Michael Clark (British politician)

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Michael Clark
Michael Clarke MP.jpg
Member of Parliament
for Rayleigh
Rochford (1983-1997)
In office
9 June 1983 – 14 May 2001
Preceded byConstituency Established
Succeeded byMark Francois
Personal details
Born (1935-08-08) 8 August 1935 (age 87)
Political partyConservative
Alma materKing's College London
University of Minnesota
St John's College, Cambridge

Dr Michael Clark (born 8 August 1935) is a Conservative Party politician in the United Kingdom.[1]

Early life[edit]

He was educated at King Edward VI Grammar School, East Retford and King's College London, where he graduated with a BSc (1st class Hons) in Chemistry in 1956, and subsequently studied at the University of Minnesota on a Fulbright Scholarship, before completing a PhD in Chemistry at St John's College, Cambridge in 1960. He worked for some years with ICI Plastics Division, initially as a Research Scientist, but subsequently as a Factory Manager. Later, he joined the motor industry, introducing plastics into the manufacture of cars and commercial vehicles. In 1969, he became a manufacturing consultant with the PA Consulting Group in London, and was a Trustee from 1994 to 2000.

Political career[edit]

Dr Clark held office at constituency level in Cambridgeshire between 1969 and 1983 being County Treasurer 1975–78, and Chairman 1980–83. He first stood, unsuccessfully, at Ilkeston in 1979, being defeated by the Labour incumbent Ray Fletcher. He served as Conservative Party Member of Parliament for Rochford from 1983 until 1997, then, with its abolition, for the new constituency of Rayleigh from 1997 until he stood down at the 2001 general election.

In Parliament he was active in all matters involving science and technology joining, in 1983, the Energy Select Committee, becoming Chairman 1989–92. With the demise of that Committee he was elected Chairman of the All-Party Group for Energy Studies. From 1992 to 1994 he served on the Trade and Industry Select Committee, then in the Labour Government of 1997 until his retirement he was Chairman of the Science and Technology Select Committee. From 1985 to 1988 he was Hon Secretary of the Parliamentary and Scientific Committee then Founding Treasurer and later Chairman ( 1993–97) of the Parliamentary Office of Science and Technology, (P.O.S.T.).

Clark was Chairman of the British Russian Parliamentary Group 1994-2001 and British Venezuelan Parliamentary Group 1995–2001, having previously been Hon Secretary of the Nepalese and Malawi Parliamentary Groups. He was an Executive Member of the Inter Parliamentary Union, IPU, from 1987 to 1994, being Chairman 1990–93.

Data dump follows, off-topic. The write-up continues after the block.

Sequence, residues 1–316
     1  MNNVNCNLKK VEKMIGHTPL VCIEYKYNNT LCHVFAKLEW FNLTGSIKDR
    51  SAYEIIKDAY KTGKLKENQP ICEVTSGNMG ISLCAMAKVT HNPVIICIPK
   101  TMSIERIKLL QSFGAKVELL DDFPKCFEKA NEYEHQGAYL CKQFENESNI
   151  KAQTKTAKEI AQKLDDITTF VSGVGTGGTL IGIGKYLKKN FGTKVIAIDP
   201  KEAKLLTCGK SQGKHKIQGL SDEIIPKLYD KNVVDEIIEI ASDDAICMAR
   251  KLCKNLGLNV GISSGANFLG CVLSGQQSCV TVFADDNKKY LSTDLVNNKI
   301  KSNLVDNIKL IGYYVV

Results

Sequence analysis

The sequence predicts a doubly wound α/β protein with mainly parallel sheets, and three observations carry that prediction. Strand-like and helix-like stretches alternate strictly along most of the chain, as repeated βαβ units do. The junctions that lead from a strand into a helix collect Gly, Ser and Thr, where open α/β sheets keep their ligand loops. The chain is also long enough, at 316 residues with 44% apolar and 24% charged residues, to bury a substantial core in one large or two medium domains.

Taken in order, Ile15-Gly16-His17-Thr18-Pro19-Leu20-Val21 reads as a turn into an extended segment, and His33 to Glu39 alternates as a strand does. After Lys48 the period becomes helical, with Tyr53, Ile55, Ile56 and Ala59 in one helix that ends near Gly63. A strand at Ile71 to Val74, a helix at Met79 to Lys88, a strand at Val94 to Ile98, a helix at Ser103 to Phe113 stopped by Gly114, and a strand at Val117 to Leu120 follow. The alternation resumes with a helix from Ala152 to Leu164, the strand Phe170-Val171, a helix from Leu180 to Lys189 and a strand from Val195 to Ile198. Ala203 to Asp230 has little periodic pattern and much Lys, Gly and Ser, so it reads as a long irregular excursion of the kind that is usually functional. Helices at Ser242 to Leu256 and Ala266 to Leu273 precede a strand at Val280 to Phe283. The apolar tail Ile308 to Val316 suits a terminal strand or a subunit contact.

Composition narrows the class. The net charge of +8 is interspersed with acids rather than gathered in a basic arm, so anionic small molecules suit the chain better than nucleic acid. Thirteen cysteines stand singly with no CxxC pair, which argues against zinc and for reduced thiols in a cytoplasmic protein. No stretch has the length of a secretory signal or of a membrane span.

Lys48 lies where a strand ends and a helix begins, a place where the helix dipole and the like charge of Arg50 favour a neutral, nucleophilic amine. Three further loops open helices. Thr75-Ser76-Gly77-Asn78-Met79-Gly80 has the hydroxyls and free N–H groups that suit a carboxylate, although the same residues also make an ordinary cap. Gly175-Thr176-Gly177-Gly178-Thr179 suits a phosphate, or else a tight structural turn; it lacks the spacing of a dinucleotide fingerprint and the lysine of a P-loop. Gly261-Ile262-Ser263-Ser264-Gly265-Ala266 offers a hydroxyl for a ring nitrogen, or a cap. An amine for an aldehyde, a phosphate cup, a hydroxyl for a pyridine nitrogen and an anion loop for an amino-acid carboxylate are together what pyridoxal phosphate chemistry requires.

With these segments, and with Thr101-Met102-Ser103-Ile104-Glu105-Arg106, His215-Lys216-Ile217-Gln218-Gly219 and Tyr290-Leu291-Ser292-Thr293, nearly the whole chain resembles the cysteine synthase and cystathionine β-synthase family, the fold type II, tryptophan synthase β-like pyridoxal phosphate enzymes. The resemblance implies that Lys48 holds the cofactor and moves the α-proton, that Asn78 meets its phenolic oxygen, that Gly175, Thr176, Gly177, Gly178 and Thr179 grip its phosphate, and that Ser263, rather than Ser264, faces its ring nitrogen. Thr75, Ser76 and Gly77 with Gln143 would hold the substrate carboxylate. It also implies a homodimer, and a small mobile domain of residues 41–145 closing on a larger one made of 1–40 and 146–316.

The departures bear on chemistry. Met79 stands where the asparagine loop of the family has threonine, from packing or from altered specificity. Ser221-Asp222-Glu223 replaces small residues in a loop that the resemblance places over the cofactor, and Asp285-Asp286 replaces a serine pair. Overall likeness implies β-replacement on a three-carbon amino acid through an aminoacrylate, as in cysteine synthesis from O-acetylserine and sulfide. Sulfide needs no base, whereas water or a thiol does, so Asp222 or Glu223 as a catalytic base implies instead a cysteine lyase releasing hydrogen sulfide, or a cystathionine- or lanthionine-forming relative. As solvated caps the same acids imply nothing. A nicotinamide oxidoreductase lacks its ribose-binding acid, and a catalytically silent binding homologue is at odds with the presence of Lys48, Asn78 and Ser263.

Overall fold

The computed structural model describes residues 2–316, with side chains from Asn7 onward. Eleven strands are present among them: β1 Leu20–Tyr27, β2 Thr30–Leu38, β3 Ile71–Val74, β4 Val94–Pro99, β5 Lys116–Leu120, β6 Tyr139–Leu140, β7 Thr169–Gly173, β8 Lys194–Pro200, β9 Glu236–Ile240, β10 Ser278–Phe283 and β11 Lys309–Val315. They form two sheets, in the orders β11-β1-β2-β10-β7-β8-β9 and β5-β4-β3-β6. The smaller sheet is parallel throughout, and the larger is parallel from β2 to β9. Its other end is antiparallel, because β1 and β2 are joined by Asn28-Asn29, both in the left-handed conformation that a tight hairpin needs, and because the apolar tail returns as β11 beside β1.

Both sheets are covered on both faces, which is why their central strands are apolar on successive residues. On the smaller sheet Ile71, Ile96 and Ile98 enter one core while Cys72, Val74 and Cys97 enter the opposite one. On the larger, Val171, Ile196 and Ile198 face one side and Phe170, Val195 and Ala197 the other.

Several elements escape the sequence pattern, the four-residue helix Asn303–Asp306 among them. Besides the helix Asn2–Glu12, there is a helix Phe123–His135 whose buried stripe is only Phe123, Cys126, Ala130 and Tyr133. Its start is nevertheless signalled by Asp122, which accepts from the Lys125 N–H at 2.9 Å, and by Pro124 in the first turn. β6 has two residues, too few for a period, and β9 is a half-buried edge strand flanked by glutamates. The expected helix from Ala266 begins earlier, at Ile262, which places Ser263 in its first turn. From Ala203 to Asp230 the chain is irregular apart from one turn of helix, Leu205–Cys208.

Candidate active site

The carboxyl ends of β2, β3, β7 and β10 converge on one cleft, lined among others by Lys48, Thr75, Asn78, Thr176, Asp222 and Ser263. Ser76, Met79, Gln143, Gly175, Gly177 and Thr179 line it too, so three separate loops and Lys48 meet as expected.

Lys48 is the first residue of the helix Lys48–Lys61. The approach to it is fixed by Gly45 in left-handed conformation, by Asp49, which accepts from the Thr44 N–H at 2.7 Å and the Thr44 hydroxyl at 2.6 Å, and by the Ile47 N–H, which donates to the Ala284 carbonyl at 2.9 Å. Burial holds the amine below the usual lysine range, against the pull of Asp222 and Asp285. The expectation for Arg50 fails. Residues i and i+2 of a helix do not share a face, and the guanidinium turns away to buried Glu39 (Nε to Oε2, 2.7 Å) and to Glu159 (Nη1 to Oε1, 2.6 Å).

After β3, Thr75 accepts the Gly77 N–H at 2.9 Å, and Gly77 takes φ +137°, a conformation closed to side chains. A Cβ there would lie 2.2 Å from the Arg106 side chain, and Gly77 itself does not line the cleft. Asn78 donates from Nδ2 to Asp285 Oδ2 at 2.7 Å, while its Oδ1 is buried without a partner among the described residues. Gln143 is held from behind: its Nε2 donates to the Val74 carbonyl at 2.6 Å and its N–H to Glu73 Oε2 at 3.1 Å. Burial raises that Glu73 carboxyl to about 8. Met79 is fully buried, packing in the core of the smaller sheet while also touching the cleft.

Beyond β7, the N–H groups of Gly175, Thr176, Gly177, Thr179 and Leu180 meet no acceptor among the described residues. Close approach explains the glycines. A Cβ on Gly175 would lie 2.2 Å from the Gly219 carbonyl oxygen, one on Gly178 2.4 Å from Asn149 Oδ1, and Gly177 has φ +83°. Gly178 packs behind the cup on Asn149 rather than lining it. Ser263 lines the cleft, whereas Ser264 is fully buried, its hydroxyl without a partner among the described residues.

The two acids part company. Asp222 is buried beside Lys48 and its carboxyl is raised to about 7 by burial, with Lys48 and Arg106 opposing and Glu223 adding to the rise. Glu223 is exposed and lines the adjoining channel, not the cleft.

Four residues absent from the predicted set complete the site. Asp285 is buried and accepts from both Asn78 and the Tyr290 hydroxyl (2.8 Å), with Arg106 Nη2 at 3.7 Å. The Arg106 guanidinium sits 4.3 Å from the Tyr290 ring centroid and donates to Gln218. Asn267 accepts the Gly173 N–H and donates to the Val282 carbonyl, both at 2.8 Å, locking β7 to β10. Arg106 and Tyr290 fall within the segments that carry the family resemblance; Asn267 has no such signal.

He was invited to join the Speaker's Panel of Chairmen in 1997 chairing the House at the Committee stage of the Budget in 2001 just before retiring. He was elected to the Executive of the 1922 Committee in 1997. he also served (1995-2001) on the Advisory Panel of the Conservation Foundation and the advisory board of the Fulbright Commission. He was a national vice-president of the UN50 celebrations in 1995.

In 1994 he introduced as a Private Member's Bill the Road Traffic (New Drivers) Bill to make specific penalties for newly qualified drivers who commit offences, including re-testing their competence to drive.

Locally, he was President of many organisations including Arthritis Care, Ashingdon Carnival, Chelmsford Industrial Museum, Hawkwell Boys Football Club, Hockley and Hawkwell Old People's Welfare, Leigh Orpheus Male Voice Choir, Mayday Mobile, Rayleigh Brass, Rochford Civic Aid, Rochford District Mencap, South East Essex Youth Symphony Orchestra and the Rayleigh St. John Ambulance Cadets.

He is a Fellow of his alma mater, King's College London, a Fellow of the Royal Society of Chemistry, and a Companion of the Institute of Energy. In 1992 he gave the Alf Robens Memorial lecture at the Royal Institution and was awarded the BCURA gold medal.

The former Speaker of the House of Commons, John Bercow MP, began his Parliamentary career working as a researcher for Michael Clark.[2]


  1. ^ "Dr Michael Clark, former MP, Rayleigh".
  2. ^ "W4mp | guides | 2010 booklet | Foreword by Mr Speaker". Archived from the original on 11 October 2011. Retrieved 13 September 2012.
Parliament of the United Kingdom
New constituency Member of Parliament for Rochford
Constituency abolished
New constituency Member of Parliament for Rayleigh
Succeeded by